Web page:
Meggs: Fasbenner homicide justified

Bubba Fasbenner’s grave Photo available for purchase

Bubba Fasbenner’s grave

Lois Swoboda
Published: Wednesday, September 3, 2014 at 03:11 PM.

State Attorney Willie Meggs last week brought legal closure to the April 3 killing of Charles “Bubba’ Fasbenner, agreeing with Franklin County Sheriff Mike Mock that the homeowner had the right to use deadly force when the intoxicated 20-year-old walked into an Apalachicola front yard and advanced on the homeowner after being warned to leave.

In an Aug. 25 letter to Mock, Meggs said he believed “this homicide to be justified” after reviewing the sheriff’s investigative files, which included witness interviews and autopsy findings.

“Florida Statute 782.13 provides that a homeowner can defend his home, self, and others under this factual scenario,” Meggs wrote. “I commend your department for a detailed and thorough investigation.” In a follow-up letter to Mock Aug. 29, Meggs said the statute number he cited was incorrect, and that it should be 776.013, a law devoted to justifiable use of deadly force in the home.

In a three-paragraph summation based on his review of an extensive case file prepared by Detective Brett Johnson, Meggs recounted that Fasbenner entered the front gate of a fenced yard at 277 Timothy Simmons Road, where he was confronted by 24-year-old Ronald Joseph “R.J.” Page, who lives there with his mother, Joanna Page.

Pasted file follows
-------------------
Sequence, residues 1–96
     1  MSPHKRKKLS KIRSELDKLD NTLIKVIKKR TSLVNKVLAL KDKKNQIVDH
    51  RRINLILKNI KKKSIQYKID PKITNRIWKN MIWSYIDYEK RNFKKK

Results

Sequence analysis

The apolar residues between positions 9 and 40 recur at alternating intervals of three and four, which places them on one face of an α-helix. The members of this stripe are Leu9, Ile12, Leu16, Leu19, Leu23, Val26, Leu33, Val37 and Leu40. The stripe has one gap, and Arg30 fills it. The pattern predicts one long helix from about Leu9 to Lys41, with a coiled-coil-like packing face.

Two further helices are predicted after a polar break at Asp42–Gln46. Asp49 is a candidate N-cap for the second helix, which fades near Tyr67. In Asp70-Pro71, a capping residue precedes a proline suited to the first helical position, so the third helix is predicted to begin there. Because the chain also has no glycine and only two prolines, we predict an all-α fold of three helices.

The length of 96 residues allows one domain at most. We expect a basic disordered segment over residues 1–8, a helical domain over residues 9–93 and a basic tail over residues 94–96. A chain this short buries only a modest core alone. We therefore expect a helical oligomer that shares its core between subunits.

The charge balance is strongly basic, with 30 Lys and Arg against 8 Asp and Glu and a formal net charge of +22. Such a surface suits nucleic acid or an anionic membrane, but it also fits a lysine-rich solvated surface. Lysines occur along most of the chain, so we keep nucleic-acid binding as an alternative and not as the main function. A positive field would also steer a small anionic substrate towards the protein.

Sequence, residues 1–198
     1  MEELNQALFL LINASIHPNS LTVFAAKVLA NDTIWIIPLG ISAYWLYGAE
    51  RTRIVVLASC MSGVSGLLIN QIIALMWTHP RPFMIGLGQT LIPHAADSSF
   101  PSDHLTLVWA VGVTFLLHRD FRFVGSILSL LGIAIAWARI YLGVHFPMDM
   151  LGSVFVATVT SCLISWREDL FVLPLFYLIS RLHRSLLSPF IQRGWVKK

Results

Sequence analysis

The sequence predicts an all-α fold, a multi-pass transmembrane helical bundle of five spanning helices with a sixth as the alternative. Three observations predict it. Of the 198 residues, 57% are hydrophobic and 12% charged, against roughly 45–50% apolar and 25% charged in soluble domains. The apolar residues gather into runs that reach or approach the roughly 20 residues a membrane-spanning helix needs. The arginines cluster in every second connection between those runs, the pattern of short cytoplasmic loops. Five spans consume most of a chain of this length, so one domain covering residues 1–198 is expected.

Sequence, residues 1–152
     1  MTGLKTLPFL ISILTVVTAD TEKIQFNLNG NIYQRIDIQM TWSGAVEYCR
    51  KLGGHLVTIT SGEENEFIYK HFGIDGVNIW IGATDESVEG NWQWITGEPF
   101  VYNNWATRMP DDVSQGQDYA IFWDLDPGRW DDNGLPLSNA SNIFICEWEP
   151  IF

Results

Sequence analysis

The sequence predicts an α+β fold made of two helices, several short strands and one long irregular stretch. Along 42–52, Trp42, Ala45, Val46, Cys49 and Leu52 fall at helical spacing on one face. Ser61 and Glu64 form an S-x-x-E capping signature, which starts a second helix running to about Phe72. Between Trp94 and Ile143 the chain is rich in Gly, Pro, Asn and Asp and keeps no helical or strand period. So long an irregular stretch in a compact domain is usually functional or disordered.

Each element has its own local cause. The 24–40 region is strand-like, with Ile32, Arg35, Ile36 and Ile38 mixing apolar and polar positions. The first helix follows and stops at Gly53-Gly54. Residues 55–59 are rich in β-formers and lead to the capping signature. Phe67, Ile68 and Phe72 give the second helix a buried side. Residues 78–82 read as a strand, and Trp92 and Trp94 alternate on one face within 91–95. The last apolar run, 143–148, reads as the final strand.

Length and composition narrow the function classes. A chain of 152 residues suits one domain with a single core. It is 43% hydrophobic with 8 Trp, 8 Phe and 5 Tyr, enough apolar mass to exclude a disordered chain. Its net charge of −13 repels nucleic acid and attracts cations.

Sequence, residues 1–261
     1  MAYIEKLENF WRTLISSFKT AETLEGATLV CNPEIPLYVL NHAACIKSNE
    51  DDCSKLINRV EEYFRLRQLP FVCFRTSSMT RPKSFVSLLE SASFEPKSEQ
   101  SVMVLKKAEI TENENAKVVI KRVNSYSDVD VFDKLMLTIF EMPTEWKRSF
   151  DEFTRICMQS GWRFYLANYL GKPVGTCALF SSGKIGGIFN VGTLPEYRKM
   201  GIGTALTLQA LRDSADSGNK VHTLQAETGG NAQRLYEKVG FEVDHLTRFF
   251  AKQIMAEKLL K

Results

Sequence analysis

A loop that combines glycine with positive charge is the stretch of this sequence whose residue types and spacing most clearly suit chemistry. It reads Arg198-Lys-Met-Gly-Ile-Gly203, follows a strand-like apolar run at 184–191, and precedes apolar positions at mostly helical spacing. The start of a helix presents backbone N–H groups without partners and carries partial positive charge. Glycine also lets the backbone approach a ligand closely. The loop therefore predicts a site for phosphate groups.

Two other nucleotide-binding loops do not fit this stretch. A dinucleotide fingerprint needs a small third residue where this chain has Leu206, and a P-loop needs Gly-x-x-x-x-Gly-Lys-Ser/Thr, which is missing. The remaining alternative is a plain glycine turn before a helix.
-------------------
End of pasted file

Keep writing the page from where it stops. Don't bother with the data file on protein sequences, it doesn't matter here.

Toxicology reports showed Fasbenner’s blood alcohol level was 0.31, about four times the legal limit for driving. The drug screen also found a presence of hydrocodone, acetaminophen and methadone.

“Apparently, due to Mr. Fasbenner’s high level of intoxication, (he) did not respond and moved towards the homeowner,” wrote Meggs. “The homeowner had fired a warning shot into the ground near Mr. Fasbenner and rather than leaving the yard, Mr. Fasbenner started climbing the steps as evidenced by his blood on the second step.”

The blood on the porch steps was significant, given that the law defines a dwelling as “including any attached porch.” The law says “a person who unlawfully and by force enters or attempts to enter a person’s dwelling, residence or occupied vehicle is presumed to be doing so with the intent to commit an unlawful act involving force or violence.”

1 2 3 4 5 6 7

Reader comments posted to this article may be published in our print edition. All rights reserved. This copyrighted material may not be re-published without permission. Links are encouraged.

▲ Return to Top